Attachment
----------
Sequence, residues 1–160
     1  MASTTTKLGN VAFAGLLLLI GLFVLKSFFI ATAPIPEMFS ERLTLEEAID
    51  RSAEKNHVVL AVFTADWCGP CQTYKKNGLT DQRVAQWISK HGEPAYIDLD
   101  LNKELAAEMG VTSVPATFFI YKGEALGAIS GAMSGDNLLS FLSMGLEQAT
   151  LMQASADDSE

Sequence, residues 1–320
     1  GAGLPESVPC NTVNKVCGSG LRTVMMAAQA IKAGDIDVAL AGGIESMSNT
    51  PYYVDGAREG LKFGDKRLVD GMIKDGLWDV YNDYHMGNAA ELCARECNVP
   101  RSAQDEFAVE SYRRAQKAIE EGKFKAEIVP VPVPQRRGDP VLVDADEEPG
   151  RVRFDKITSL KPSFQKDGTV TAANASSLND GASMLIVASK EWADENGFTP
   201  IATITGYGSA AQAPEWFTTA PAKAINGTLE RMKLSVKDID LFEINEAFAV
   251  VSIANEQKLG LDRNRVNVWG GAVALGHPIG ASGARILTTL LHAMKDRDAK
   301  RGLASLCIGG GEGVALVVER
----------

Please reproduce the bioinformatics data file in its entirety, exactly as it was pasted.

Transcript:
Sequence, residues 1–160
     1  MASTTTKLGN VAFAGLLLLI GLFVLKSFFI ATAPIPEMFS ERLTLEEAID
    51  RSAEKNHVVL AVFTADWCGP CQTYKKNGLT DQRVAQWISK HGEPAYIDLD
   101  LNKELAAEMG VTSVPATFFI YKGEALGAIS GAMSGDNLLS FLSMGLEQAT
   151  LMQASADDSE

Sequence, residues 1–320
     1  GAGLPESVPC NTVNKVCGSG LRTVMMAAQA IKAGDIDVAL AGGIESMSNT
    51  PYYVDGAREG LKFGDKRLVD GMIKDGLWDV YNDYHMGNAA ELCARECNVP
   101  RSAQDEFAVE SYRRAQKAIE EGKFKAEIVP VPVPQRRGDP VLVDADEEPG
   151  RVRFDKITSL KPSFQKDGTV TAANASSLND GASMLIVASK EWADENGFTP
   201  IATITGYGSA AQAPEWFTTA PAKAINGTLE RMKLSVKDID LFEINEAFAV
   251  VSIANEQKLG LDRNRVNVWG GAVALGHPIG ASGARILTTL LHAMKDRDAK
   301  RGLASLCIGG GEGVALVVER